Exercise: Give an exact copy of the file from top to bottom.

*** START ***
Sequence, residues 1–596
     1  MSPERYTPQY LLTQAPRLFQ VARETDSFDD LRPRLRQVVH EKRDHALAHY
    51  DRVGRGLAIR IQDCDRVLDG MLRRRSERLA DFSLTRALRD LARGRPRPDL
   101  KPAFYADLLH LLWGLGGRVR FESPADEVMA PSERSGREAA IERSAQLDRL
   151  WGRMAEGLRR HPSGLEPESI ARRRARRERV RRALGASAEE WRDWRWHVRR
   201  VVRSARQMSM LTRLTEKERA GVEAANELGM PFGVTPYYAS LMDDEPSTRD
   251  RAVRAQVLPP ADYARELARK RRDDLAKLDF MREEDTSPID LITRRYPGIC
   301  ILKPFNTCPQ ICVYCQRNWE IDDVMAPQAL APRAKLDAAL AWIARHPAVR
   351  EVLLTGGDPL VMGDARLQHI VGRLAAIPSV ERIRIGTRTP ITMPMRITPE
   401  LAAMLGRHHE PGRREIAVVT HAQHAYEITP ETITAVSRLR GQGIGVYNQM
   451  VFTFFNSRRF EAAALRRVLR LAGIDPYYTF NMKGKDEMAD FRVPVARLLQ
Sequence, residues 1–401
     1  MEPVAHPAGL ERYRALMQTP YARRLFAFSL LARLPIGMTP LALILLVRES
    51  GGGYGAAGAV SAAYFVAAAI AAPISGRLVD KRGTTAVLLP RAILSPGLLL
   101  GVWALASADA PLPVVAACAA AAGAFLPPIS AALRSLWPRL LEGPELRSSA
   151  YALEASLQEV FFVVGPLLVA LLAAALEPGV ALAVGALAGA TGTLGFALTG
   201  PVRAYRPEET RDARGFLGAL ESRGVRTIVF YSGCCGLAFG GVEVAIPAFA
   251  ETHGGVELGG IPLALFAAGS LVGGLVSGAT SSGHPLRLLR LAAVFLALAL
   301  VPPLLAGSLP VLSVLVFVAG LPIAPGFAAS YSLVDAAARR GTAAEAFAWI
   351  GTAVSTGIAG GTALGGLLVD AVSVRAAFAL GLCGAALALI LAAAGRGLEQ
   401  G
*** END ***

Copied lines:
Sequence, residues 1–596
     1  MSPERYTPQY LLTQAPRLFQ VARETDSFDD LRPRLRQVVH EKRDHALAHY
    51  DRVGRGLAIR IQDCDRVLDG MLRRRSERLA DFSLTRALRD LARGRPRPDL
   101  KPAFYADLLH LLWGLGGRVR FESPADEVMA PSERSGREAA IERSAQLDRL
   151  WGRMAEGLRR HPSGLEPESI ARRRARRERV RRALGASAEE WRDWRWHVRR
   201  VVRSARQMSM LTRLTEKERA GVEAANELGM PFGVTPYYAS LMDDEPSTRD
   251  RAVRAQVLPP ADYARELARK RRDDLAKLDF MREEDTSPID LITRRYPGIC
   301  ILKPFNTCPQ ICVYCQRNWE IDDVMAPQAL APRAKLDAAL AWIARHPAVR
   351  EVLLTGGDPL VMGDARLQHI VGRLAAIPSV ERIRIGTRTP ITMPMRITPE
   401  LAAMLGRHHE PGRREIAVVT HAQHAYEITP ETITAVSRLR GQGIGVYNQM
   451  VFTFFNSRRF EAAALRRVLR LAGIDPYYTF NMKGKDEMAD FRVPVARLLQ
Sequence, residues 1–401
     1  MEPVAHPAGL ERYRALMQTP YARRLFAFSL LARLPIGMTP LALILLVRES
    51  GGGYGAAGAV SAAYFVAAAI AAPISGRLVD KRGTTAVLLP RAILSPGLLL
   101  GVWALASADA PLPVVAACAA AAGAFLPPIS AALRSLWPRL LEGPELRSSA
   151  YALEASLQEV FFVVGPLLVA LLAAALEPGV ALAVGALAGA TGTLGFALTG
   201  PVRAYRPEET RDARGFLGAL ESRGVRTIVF YSGCCGLAFG GVEVAIPAFA
   251  ETHGGVELGG IPLALFAAGS LVGGLVSGAT SSGHPLRLLR LAAVFLALAL
   301  VPPLLAGSLP VLSVLVFVAG LPIAPGFAAS YSLVDAAARR GTAAEAFAWI
   351  GTAVSTGIAG GTALGGLLVD AVSVRAAFAL GLCGAALALI LAAAGRGLEQ
   401  G